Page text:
Tomorrow is up in the air, which isn't a bad thing. Craig is off, and I don't think Mary's staying long because she's got report cards to do and horse racing to watch (though I did invite her to camp out in the basement family room where we'll leave her alone), so I guess we'll see how the day goes. Sunday is another hockey game, and since Jacob has been waiting (somewhat) patiently for two weeks, we'll be going. He's usually pretty well-behaved at hockey games, though I know one of these times I'll have to let him play hockey with all the other little kids and their ministicks. I'm not sure how that will go. He's a bit younger than most of them, but then again, the kid's got skills and might surprise them a bit. However, he's also too young to understand about not hogging the puck and playing well with others, so that concerns me a bit. Maybe I should just let him and see how it goes. If he hates it, he won't want to go back. If he loves it, it's only for 15 minutes each intermission, right?
Hope everyone has a wonderful weekend!
Tuesday, November 2, 2010
So, do we eat it? I feel bad depriving him of candy he rightfully earned, but at this point he won't really notice. We were sort of planning on eating all of the peanut butter stuff since we haven't tried peanut products with him yet and are nervous about an allergic reaction. However, maybe now's the time to give it a shot and just be ready to head to the emergency room. I'm pretty sure he's ok because we've been around peanuts before, primarily at baseball games, and he's been fine. But you just never know, especially since his cousin has an allergy. Still, I'd really love to add peanut butter sandwiches to his list of available foods. Buuuuut......I'd also really like to eat that Reese's Peanut Butter Cup, too.
I also have a little guilt about knowingly feeding him food that has absolutely no nutritional value. I know he's a kid and it happens. And I know that I probably assign value to other crap foods in hopes he's getting some benefit from the few things he will routinely eat...like the calcium in pizza cheese or the protein in chicken nuggets. Heck, during the winter I often give him canned fruit for dessert, just because it's fruit. But did you know there's very little nutritional value in that stuff? I did notice that pineapple and mandarin oranges maintain a good serving of vitamin C, but that's about it. But it's fruit, right? Well, fruit devoid of nutrients and laced with BPA from the can lining. Ugh. He'll sometimes eat an apple, and he really liked clementines last year so I think we'll do well with those and oranges, but still...I try to make sure that nearly everything he eats has some sort of positive. Other than enhancing his childhood experience, candy's got nothing. I don't want to deprive him of the cool things I enjoyed as a kid--candy, sugar cereals, Kool-Aid, soda pop, Twinkies, etc.--but I tend to think we know more now about nutrition and the effects of bad eating than we did when I was a kid. Every food has very clear labeling and there's so much more education out there. While I don't want to deprive him of fun treats, I feel like a bad mom encouraging him to eat crap. I know it's not good for him and I don't want to set him up for bad habits. We should all probably give up junk food to set a good example, but heck, the mere fact that I can't fathom giving it up after eating it my whole life shows that it's a tough habit to break, and if possible, we should prevent it from ever starting.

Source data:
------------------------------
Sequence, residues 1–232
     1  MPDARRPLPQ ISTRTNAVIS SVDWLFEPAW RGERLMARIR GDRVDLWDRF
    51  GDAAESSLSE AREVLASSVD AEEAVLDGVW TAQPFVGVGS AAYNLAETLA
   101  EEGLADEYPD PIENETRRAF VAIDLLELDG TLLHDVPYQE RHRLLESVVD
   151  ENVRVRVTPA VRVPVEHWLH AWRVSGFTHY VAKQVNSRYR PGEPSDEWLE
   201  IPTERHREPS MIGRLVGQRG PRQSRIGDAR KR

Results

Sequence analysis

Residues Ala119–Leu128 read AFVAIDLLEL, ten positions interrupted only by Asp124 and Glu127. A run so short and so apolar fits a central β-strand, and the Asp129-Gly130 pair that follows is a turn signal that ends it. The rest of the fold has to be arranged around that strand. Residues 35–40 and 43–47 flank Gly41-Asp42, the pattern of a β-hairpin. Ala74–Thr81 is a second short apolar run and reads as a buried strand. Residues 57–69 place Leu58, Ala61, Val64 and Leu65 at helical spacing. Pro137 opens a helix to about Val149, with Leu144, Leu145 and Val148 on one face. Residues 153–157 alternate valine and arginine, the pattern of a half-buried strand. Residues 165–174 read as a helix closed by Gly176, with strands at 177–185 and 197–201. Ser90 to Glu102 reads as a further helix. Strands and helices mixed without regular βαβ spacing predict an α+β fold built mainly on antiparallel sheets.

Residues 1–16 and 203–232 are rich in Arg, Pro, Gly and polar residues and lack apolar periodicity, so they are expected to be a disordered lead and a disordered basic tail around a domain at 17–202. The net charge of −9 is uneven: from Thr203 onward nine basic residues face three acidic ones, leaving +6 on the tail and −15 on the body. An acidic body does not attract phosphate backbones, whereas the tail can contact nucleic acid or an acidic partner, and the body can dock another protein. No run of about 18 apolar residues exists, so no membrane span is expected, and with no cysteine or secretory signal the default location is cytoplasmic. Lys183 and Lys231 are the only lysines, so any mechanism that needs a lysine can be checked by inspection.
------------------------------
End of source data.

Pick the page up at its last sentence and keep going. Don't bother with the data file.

But inevitably he'll run into bad foods in one place or another, so instead of depriving him and having him gorge later, I suppose the answer to this is the same as with most things--moderation. Let him be a kid and have some candy, but teach him to moderate himself. A couple pieces at a time, at most. That still leaves us with the issue of eating candy until Christmas, but perhaps it will teach us willpower, right?